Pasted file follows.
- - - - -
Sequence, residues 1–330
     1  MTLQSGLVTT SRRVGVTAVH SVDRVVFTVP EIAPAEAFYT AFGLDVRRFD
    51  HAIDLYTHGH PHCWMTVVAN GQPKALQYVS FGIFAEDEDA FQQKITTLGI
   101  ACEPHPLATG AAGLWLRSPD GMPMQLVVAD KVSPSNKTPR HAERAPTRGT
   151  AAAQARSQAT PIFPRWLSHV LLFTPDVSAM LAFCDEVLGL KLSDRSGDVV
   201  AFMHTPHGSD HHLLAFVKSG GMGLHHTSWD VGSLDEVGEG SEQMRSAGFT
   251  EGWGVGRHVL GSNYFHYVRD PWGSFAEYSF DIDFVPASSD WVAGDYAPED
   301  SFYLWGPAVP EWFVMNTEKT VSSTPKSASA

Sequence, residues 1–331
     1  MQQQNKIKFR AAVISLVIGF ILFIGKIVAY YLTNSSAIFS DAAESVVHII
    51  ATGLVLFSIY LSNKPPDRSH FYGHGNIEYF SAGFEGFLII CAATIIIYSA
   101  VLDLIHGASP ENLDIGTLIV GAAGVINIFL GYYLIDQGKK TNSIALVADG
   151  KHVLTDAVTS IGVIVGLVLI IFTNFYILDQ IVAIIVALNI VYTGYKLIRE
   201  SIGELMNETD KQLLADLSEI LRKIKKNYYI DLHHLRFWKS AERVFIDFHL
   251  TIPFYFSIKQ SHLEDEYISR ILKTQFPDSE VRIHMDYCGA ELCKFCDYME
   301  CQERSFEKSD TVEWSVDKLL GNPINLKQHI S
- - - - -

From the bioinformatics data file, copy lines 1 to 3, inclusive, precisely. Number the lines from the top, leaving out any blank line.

Sequence, residues 1–330
     1  MTLQSGLVTT SRRVGVTAVH SVDRVVFTVP EIAPAEAFYT AFGLDVRRFD
    51  HAIDLYTHGH PHCWMTVVAN GQPKALQYVS FGIFAEDEDA FQQKITTLGI